The first season finale of the CW's addictive drama was, like most other episodes, packed to the gills with revelations, plot twists, emotional moments, and snarky Damon humor. The high point, however, was the final-scene revelation in which the woman we though was Elena, who had just shared a kiss with Damon, was revealed to be none other than Katherine Pierce. Bringing Katherine into the story was brilliant, and made the audience rethink every scene featuring Elena in the episode. The reveal of Tyler's supernatural abilities and Caroline's car accident were also great, and very important for the next season, but even these moments paled in comparison to the Katherine reveal. After the first season finale, the second season kept the action going as fast as possible, and never let up on the twists or the reveals. That's the mark of the good season finale; it kick starts an excellent next season, and The Vampire Diaries certainly did that.
1. Lost, "Through the Looking Glass," parts 1 and 2
The series finale of Lost may have left a bad taste in many viewers' mouths - I certainly felt it was too heavy on the spirituality, and too light on the answers - but no one can deny the power of the third season finale. "Through the Looking Glass" was full of emotional moments, like the tear-jerking death of Charlie Pace and the arrival of the helicopter that, at least for the moment, signaled rescue. However, the real impact of the episode came with the final scene, where a disheveled, alcoholic Jack was revealed to be not in a flashback, but in a flash-forward. The scene completely reinvented the show, introducing a whole new set of questions - how did Jack make it off the island? Who else managed to escape? Who was in the coffin? - while leaving our collective minds reeling. These two episodes were so powerful, they set a new standard for the show, one that the final season never managed to live up to. For the two hours of "Through the Looking Glass," however, the potential was unlimited.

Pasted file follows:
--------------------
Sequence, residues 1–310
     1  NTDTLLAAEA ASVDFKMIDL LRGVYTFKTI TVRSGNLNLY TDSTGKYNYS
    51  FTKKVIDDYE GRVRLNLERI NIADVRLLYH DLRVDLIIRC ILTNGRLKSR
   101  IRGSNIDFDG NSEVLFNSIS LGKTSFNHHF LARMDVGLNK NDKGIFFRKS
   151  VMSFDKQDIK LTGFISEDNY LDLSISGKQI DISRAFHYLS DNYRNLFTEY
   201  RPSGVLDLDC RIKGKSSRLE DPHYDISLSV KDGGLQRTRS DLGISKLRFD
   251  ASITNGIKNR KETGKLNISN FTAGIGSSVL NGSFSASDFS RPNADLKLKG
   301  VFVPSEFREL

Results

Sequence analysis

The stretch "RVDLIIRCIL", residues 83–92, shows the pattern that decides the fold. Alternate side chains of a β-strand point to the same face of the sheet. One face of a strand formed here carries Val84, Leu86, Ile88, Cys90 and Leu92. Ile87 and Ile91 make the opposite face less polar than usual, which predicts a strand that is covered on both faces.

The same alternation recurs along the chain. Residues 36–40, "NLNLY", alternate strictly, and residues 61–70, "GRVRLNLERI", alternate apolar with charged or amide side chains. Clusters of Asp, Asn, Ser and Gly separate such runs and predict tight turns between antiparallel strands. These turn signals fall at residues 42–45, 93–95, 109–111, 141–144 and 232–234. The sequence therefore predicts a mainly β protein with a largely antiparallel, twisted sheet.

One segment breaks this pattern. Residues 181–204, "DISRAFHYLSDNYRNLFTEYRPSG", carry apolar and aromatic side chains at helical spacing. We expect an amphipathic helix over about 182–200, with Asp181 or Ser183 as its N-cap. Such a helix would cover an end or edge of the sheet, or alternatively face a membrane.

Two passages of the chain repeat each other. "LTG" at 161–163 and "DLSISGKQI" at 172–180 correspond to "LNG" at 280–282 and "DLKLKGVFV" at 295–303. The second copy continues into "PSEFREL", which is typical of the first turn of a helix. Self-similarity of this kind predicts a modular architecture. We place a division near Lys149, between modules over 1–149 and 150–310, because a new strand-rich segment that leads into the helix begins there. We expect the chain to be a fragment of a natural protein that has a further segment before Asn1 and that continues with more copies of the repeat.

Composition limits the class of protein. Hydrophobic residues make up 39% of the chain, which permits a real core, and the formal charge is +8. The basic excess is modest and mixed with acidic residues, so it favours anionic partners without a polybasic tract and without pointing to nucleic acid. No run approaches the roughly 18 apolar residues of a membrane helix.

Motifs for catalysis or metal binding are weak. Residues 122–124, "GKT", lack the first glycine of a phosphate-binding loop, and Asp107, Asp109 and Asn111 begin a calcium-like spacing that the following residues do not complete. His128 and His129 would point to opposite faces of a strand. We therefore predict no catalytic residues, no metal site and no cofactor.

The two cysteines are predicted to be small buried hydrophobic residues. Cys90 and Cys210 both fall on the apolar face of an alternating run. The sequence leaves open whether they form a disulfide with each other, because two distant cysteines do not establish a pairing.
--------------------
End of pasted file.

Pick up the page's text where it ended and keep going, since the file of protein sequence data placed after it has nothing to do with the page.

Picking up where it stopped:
And now, for the my four favorite series finales.
4. Freaks and Geeks, "Discos and Dragons"
Freaks and Geeks is a show that falls firmly in the category of "canceled too soon." The Judd Apatow-produced series featured many of today's leading comedic actors - Seth Rogen, James Franco and Jason Segel to name a few - in a show that was both heartwarming, funny and honest, a fine-grained portrait of the struggles of high school. The series finale was nothing more and nothing less than an encapsulation of the character's struggles, the most poignant being a storyline that featured Linda Cardellini's Lindsay struggling to decide whether to take part in an academic summit, or to spend the summer following the Grateful Dead around the country. It doesn't seem like that big a decision, but in the world of Freaks and Geeks it seemed like it could determine the course of Lindsay's entire life. The final episode was just as deft, funny and touching as the rest of the series, and left the rest of us wondering why this lovely, subtle show would never get a second season.